As tax season fast approaches, a lot of people are looking into ways that they can save on their tax liability and take advantage of the wide range of deductions, tax credits, and other ways that you can save on your taxes. Many people are especially confused as a tax reform bill recently passed the Congress and was signed into law. While these changes will likely have a big effect on a lot of people across a range of different income brackets, the law doesn’t go into effect until next year. For that reason, we are not going to focus on any specific changes and how they might affect how much you receive on your tax return as it won’t affect this year’s payments in any way.
If you are a veteran, whether you are disabled or simply no longer an active duty soldier, there are a number of different tax credits, write-offs, and types of income that are tax-free that you should learn about and take advantage of. These benefits are just another way that we can “give back” a little to our veterans, by reducing their burden a bit and providing certain benefits as tax-free. If you are a veteran, you want to make sure that you take advantage of every tax credit and deduction that you qualify for, as this will ultimately lead to more money in your pocket.
Many veterans actually qualify for a tax return so these credits and other benefits are also a way that cash ends up directly in a former soldier’s pocket. It just makes sense that you take advantage of any benefit that has been set aside for you. A lot of veterans are unaware of the different credits and benefits that they might qualify for, thus costing them money each year at tax time. It also helps to ensure that you aren’t taxed on income that is not actually subject to taxation.
What follows is a brief guide on the ways to maximize your refund and take advantage of all the perks and benefits available to you as a veteran. It should be noted that some of these credits and exemptions will change at various points in time, but these tips to help maximize your refund will be good general guidelines, even in the event of small changes to the rules.
First, it helps to define what actually qualifies as a veteran. For taxation and governmental purposes, you must have served as an active duty or full-time member of the Army, Navy, Air Force, Marines, Coast Guard, and so on. What’s more, you must have been continuously active for at least 24 months. You also may not have been dishonorably released. This status nullifies your veteran status. When it comes to taxation, the spouse and children, and sometimes parents, of a deceased or disabled veteran will qualify to take advantage of benefits, payments, and other tax perks.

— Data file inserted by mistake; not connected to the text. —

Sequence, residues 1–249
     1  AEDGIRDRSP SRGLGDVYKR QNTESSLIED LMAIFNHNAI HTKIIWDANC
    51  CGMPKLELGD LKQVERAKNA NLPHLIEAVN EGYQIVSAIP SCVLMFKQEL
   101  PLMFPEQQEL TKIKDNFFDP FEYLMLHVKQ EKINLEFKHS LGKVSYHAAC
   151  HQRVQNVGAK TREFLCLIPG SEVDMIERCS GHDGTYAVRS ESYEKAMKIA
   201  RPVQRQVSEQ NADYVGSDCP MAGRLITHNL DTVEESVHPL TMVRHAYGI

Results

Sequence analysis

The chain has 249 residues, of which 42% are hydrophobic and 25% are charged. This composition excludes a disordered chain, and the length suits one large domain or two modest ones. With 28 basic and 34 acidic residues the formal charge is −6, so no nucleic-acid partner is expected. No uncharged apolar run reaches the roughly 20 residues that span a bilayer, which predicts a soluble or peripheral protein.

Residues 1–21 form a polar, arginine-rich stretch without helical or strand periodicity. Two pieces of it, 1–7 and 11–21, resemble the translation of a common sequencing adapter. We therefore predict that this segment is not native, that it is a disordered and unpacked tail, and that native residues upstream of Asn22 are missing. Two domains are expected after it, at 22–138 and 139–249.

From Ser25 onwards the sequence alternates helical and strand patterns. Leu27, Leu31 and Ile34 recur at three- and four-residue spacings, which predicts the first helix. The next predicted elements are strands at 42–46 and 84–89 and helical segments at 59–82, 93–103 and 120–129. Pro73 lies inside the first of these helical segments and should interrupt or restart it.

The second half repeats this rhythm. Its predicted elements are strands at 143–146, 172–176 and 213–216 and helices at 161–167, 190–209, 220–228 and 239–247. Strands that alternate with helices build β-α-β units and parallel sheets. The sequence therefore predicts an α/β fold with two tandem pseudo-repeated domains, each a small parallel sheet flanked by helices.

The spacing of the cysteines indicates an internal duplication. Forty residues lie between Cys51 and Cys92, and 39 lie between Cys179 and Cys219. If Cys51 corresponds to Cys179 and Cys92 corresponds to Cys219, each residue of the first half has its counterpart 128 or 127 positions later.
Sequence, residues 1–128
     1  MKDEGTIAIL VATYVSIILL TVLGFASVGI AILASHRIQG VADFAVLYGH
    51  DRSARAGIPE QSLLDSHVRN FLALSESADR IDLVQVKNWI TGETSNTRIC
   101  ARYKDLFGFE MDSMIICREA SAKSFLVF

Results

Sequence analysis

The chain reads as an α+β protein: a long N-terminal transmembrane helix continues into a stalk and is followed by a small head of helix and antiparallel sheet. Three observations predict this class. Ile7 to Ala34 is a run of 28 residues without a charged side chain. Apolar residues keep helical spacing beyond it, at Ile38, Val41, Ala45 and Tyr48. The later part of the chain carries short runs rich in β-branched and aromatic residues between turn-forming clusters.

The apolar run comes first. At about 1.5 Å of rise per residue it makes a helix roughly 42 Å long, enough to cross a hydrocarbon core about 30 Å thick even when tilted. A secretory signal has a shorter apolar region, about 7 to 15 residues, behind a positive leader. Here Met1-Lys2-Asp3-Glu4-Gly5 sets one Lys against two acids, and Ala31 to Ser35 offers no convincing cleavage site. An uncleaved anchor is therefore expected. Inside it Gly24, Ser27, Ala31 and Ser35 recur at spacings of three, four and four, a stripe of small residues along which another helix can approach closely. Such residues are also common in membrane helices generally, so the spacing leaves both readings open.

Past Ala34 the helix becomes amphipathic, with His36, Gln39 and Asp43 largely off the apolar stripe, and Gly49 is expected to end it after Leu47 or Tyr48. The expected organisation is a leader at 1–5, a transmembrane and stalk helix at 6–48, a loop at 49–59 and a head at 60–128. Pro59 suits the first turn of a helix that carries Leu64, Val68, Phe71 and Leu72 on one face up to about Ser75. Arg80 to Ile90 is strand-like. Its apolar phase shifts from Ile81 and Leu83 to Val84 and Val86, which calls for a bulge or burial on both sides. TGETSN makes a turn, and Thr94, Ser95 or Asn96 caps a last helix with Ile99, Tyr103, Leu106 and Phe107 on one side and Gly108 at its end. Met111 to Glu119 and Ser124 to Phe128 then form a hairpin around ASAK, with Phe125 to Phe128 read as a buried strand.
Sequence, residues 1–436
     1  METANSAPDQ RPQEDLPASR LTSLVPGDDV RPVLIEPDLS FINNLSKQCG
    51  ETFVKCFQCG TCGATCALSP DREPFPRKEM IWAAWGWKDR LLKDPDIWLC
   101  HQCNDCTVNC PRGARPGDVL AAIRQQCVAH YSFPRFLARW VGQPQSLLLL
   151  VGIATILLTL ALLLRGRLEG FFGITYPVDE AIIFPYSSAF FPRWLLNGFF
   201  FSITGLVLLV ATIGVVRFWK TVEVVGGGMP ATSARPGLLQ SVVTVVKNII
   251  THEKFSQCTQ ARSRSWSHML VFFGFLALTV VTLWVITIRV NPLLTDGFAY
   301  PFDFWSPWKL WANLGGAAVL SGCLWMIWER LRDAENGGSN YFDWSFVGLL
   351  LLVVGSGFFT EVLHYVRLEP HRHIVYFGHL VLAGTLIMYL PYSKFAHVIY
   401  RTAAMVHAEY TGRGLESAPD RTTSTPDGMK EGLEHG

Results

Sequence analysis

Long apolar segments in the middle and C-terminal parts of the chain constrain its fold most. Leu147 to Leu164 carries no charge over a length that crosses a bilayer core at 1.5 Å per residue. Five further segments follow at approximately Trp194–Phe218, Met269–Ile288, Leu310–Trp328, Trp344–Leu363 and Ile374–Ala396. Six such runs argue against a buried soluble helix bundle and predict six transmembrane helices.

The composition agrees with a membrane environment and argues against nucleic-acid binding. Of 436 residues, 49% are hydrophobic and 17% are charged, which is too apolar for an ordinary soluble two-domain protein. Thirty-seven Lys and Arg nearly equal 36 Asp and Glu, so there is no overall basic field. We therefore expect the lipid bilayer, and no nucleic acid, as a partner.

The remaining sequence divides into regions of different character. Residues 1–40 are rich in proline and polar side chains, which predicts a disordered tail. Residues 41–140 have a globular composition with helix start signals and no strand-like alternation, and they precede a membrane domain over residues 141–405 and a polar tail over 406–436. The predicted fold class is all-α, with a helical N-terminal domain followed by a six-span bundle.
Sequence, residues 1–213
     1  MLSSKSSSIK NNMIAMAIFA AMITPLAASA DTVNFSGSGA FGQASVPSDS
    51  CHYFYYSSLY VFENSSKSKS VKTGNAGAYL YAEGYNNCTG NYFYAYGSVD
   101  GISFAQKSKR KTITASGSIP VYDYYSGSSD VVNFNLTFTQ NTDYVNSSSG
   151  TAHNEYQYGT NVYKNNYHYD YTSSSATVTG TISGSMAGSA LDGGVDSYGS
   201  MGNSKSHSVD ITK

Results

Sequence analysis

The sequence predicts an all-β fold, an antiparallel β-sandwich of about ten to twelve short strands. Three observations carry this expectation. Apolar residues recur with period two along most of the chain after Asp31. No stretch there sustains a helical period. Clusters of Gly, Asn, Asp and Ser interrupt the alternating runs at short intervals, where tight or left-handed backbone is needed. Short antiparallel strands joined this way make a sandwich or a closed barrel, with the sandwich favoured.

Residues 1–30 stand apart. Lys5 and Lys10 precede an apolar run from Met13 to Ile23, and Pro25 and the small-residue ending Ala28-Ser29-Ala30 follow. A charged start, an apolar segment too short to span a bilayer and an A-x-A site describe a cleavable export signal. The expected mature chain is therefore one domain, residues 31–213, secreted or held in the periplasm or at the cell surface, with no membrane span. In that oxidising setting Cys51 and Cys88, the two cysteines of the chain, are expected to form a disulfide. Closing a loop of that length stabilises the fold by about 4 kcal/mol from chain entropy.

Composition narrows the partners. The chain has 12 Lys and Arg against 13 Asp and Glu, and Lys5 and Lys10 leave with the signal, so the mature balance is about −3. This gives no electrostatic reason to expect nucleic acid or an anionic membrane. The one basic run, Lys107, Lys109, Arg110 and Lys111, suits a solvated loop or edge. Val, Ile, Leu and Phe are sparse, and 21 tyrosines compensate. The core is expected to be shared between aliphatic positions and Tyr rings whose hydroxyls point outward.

Something that a lot of veterans don’t know is that many places provide free tax services to veterans and military personnel. It is advised that you take advantage of these services if they are offered in your area. Professional tax services know all the latest changes, deductions, and ways to maximize the refund payment you can expect.
While veterans qualify for a host of benefits that are open to only fellow veterans, they often forget that they can still take advantage of all the other tax credits out there that civilians take advantage of. This means deductions of work expenses and possibly even the [highlight color=”green”] Earned Income Tax Credit [/highlight]which can substantially increase the amount refunded in a given year.
One of the things that should be kept in mind is that for any veteran-specific benefit or tax credit, you are likely going to have to provide proof of your veteran status, which is why it is so important to have all documents and identification cards and if you are missing any vital piece of information, you will want to contact the US Department of Veterans Affairs immediately to obtain replacements.
You will also want to make sure that you look into individual eligibility requirements for any potential tax credit. They all have their own set of requirements in order to qualify and you may not meet them all, even if you are considered a disabled veteran. It is important not to assume that you will be eligible for a benefit simply by virtue of your being a veteran.
If you are a veteran or you are the spouse, parent, or child of a deceased or disabled veteran, it is important that you know the benefits that you and your family may be entitled to and that may not have to be included as taxable income. This includes disability pensions, disability compensation, and financial aid from a grant through the GI Bill.
Unfortunately, tax rules tend to change regularly and with them, the amount and types of benefits that will be available for veterans and their families. It is important to stay abreast of the latest changes to the tax code and rules so that you understand how they may or may not affect you come tax time next year. Unless it is your job, nobody will be a tax expert. But with a bit of effort, you can at least stay on top of the changes to the code or rules that affect you personally.
A tax professional is better able to help you figure out all the different deductions or credits that you might qualify for. If you are a disabled veteran, there are expenses that you can write off, benefits that you are eligible for, and tax credits that can help lower your tax burden or increase the size of the refund you can expect to get in a given year. There are tons of perks that are provided for veterans as small ways of providing thanks for the sacrifice and service these brave people have made for their country. All veterans and their family members should take advantage of every benefit provided.